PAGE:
Wednesday, 10 July 2013

War on spam

As a friend of mine just put it "International 'viagra' spam is fairly easy to smash with SpamAssassin but the recent proliferation of Legitimate UK companies spam is much harder to filter."

I have to agree - it seems UK companies are buying lists from database suppliers and sending spam. The argument, I am sure, is that it is not unsolicited as people have "registered" with the database supplier, but really, does anyone ever actually sign up to get random spam? I'd love to know what people think they are signing up for.

So far I have been sending polite emails like this :-

You have transmitted an unsolicited communication for the purpose of
direct marketing by means of electronic mail to an individual
subscriber contrary to section 22 of The Privacy and Electronic
Communications (EC Directive) Regulations 2003.

This is not a Data Protection Act issue, or an issue with your
"unsubscribe" link - the regulations have been breached by sending an
email without having had a sale or negotiations with me and without my
consent to the email being sent.

You now owe me damages as per section 30 of those regulations. If you
promptly pay £10 in damages I will not pursue you for damages as per
the regulations or report your breach to the ICO so that they can
consider fining you.

I look forward to payment of £10 within 14 days or I will issue a
county court claim against you without further notice.

For your information I have issued county court claims for such
damages in the past, and I have collected damages from other spammers.

Send payment to ...

In general I am not getting a reply. However, sending the same as a letter to registered office has managed one response, from someone offering to send the £20 (oddly, he offered to send to a charity if I wanted?!). So another win.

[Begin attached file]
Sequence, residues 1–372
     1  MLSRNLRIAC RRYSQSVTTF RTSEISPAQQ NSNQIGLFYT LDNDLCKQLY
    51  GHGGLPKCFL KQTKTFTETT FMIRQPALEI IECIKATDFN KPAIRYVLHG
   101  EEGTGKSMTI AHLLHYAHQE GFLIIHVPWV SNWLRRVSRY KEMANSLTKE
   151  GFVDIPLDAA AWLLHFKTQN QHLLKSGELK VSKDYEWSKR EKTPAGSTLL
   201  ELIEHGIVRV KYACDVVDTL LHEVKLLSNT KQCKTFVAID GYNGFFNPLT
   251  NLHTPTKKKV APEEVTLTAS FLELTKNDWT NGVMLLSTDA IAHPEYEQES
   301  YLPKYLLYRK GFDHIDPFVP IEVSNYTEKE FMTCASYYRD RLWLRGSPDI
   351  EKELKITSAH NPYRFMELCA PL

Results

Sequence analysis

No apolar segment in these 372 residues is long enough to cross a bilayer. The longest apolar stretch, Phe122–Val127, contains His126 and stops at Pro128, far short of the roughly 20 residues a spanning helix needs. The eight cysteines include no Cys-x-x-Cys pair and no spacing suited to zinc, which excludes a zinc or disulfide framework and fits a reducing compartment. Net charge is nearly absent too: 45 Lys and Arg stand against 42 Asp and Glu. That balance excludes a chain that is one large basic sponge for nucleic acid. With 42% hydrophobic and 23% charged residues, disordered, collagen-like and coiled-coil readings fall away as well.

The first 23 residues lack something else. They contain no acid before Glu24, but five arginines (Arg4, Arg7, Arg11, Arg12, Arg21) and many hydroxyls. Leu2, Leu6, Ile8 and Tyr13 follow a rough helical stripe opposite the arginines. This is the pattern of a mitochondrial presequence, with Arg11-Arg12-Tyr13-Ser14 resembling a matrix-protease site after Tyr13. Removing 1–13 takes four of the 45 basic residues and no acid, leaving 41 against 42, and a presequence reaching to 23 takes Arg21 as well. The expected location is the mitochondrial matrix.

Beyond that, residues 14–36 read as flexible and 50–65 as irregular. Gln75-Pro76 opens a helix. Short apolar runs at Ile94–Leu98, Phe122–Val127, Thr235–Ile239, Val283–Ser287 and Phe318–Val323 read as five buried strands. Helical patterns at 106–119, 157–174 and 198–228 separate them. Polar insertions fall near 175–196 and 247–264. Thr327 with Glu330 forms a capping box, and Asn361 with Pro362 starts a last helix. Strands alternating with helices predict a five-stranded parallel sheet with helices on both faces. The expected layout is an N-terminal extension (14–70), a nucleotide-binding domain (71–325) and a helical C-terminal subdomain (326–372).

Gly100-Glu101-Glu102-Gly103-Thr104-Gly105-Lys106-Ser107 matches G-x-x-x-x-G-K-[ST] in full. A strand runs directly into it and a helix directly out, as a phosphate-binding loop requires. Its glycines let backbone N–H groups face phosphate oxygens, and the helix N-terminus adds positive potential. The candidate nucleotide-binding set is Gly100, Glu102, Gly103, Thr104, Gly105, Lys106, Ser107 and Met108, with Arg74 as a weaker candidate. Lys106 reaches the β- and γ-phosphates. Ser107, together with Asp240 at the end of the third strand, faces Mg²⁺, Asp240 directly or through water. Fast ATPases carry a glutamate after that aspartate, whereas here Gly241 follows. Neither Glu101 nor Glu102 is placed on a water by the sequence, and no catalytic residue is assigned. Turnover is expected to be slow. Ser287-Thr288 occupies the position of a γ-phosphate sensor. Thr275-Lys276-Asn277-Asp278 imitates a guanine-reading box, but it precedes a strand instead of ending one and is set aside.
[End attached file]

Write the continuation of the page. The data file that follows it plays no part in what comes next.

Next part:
The problem is that it just means one of my email addresses has been removed. It has not stopped them sending spam generally. What we need is the ICO to set up a few domains with wildcard email addresses, for individuals, and see how much UK spam they get. Then they can threaten the spammers with fines properly.

9 comments:

  1. I recently tracked the source of spam received by an address, that I've never used myself (but the previous domain owner did about 10 years ago).
    It's a German domain and receives German spam. But the database in which it's listed is apparently sold by someone living on Majorca...
    I'm pondering to contact Spanish authorities, but don't have very high hopes.

    I wouldn't be surprised if you'd be able to trace back the spam to some conveniently 'foreign' database. BTW: In that context German data protection and privacy law is quite convenient, as it mandates, that a company has to inform you, upon request, of where and how they obtained data relating to your person. Enforcement can be done through local authorities and is free of charge to the claimant.

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  2. I'm increasingly getting spam from companies that I have dealt with in the past; so rather than buying in lists of email addresses, they have presumably decided to start making use of their own customer list. Of course, when I buy stuff online, I always look for the "don't send me crap" checkbox and tick it, but there's clearly no way for me to prove that I did that, and no way to know (for my own peace of mind) that I actually managed to find all the appropriate boxes and tick them (especially when I last had dealings with the companies in question either months or years ago).

    I think I will have to start making a list of these companies and consulting it before I buy anything to ensure I'm not buying from one of them in the future.

    My stock email response to them is:

    ----
    This is an unsolicited communication by means of electronic mail transmitted to an individual subscriber for direct marketing purposes. This is contrary to section 22 of The Privacy and Electronic Communications (EC Directive) Regulations 2003.
    http://www.legislation.gov.uk/uksi/2003/2426/regulation/22/made

    Please do not send any further unsolicited emails. A charge of £25 per email will be made for any further unsolicited emails received and your sending of any such emails will be deemed as acceptance of these terms.

    I am also making a request under Section 7 of the Data Protection Act 1998 for all the data / information you hold on me and from where you obtained it.